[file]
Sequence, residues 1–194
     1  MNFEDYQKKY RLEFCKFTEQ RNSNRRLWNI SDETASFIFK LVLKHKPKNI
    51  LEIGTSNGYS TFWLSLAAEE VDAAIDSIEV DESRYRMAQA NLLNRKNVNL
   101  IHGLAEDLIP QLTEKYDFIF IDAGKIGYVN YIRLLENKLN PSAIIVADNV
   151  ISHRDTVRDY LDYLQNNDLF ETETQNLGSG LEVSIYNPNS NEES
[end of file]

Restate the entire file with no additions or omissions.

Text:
Sequence, residues 1–194
     1  MNFEDYQKKY RLEFCKFTEQ RNSNRRLWNI SDETASFIFK LVLKHKPKNI
    51  LEIGTSNGYS TFWLSLAAEE VDAAIDSIEV DESRYRMAQA NLLNRKNVNL
   101  IHGLAEDLIP QLTEKYDFIF IDAGKIGYVN YIRLLENKLN PSAIIVADNV
   151  ISHRDTVRDY LDYLQNNDLF ETETQNLGSG LEVSIYNPNS NEES